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  1. Mathematics, Computer Science and Engineering
  2. Library and Information Science
  3. Definition
About City


What is Library and Information Science?

Library and Information Science (LIS) is a long-standing academic discipline, with its own set of theories, perspectives and methods. It studies all aspects of the creation, organisation, management, communication and use of recorded information in documents of all kinds, including new forms of digital and immersive documents. It underlies a variety of practices such as information management, librarianship, data management, and archiving and records management, educating professionals for work in those areas, and carrying out research to improve practice.

While the roots of LIS are in bibliography, the efforts over several centuries to make published information organised and accessible, modern LIS grew from the documentation movement of the mid-twentieth century, which sought to use new technologies to make specialised knowledge better accessible. It is a broad subject, with its interests sometimes distinguished as, on the one hand, information in all its aspects and manifestations, information in specific domains and contexts, and technology applications ('information science') and on the other as collection management, information literacy development, and services to communities and culture ('Library Science'). However, the overlaps in interest are so great that it is best to think of a single discipline.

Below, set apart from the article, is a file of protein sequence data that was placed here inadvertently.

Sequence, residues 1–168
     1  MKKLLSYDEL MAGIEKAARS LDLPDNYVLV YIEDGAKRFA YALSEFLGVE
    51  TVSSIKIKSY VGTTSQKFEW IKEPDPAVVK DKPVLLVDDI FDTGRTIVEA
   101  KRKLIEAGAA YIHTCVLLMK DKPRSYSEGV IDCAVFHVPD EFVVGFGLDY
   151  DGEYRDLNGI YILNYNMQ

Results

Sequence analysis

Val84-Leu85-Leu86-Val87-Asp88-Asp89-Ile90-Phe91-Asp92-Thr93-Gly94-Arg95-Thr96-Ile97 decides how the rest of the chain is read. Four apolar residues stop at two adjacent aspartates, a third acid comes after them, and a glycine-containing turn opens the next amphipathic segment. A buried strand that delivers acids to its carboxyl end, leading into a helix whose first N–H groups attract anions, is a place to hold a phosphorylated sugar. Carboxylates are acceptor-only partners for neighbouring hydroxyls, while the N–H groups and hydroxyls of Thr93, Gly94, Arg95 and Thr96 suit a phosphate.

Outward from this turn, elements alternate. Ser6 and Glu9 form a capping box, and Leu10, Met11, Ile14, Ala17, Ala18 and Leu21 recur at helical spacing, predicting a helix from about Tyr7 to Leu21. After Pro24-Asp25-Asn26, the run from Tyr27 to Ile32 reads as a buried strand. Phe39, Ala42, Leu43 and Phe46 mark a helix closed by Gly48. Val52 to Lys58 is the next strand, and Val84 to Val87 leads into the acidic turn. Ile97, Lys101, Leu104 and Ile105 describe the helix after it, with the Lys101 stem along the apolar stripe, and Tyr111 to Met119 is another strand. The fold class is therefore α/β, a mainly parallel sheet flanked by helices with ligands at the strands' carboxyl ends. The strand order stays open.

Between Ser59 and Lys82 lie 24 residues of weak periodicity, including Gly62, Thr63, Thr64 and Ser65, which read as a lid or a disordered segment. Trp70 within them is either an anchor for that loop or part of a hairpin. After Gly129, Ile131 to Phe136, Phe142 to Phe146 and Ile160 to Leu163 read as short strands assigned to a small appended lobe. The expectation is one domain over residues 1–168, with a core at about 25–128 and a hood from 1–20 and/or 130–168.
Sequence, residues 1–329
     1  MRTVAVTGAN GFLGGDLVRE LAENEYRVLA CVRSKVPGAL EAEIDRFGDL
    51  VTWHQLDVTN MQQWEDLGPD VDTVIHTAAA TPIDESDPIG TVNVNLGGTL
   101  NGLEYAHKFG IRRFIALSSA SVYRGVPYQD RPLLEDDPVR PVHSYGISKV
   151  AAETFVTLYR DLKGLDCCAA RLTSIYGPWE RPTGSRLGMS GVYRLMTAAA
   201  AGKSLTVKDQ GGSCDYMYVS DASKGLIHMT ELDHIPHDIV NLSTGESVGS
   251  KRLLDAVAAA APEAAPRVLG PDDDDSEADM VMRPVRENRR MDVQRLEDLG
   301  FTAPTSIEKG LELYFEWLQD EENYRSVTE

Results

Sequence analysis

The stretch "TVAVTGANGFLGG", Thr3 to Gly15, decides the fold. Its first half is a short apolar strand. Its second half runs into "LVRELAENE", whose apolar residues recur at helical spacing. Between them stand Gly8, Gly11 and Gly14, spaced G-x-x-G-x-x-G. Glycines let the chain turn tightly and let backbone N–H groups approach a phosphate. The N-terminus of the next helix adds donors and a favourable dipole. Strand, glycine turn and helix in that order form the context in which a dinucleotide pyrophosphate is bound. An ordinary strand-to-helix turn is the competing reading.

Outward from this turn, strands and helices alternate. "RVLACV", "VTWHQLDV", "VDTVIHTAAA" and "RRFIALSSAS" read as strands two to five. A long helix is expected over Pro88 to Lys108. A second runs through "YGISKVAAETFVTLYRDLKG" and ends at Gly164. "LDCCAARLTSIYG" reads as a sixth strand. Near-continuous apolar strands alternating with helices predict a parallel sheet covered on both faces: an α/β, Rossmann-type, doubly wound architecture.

LIS overlaps with a number of other disciplines and professions, including computing and information systems, media and publishing, digital humanities and e-science, and cultural heritage studies. Activities in these overlap areas is one of the most exciting aspects of modern LIS.

At CityLIS we follow the approach to LIS pioneered here at City, University of London, with a balance between system-centred and user-centred perspectives, a focus on the digital environment without forgetting the humanistic origins of the discipline, and the continuing importance of physical documents, and an emphasis on ethical issues. Our academic perspective is strongly influenced by Luciano Floridi's Philosophy of Information, applied to the information communication chain in the rapidly changing information environment. Our teaching focuses on the handling of new kinds of documents, collections and information spaces now emerging, and on the new literacies, skills, and Library/Information services which these require.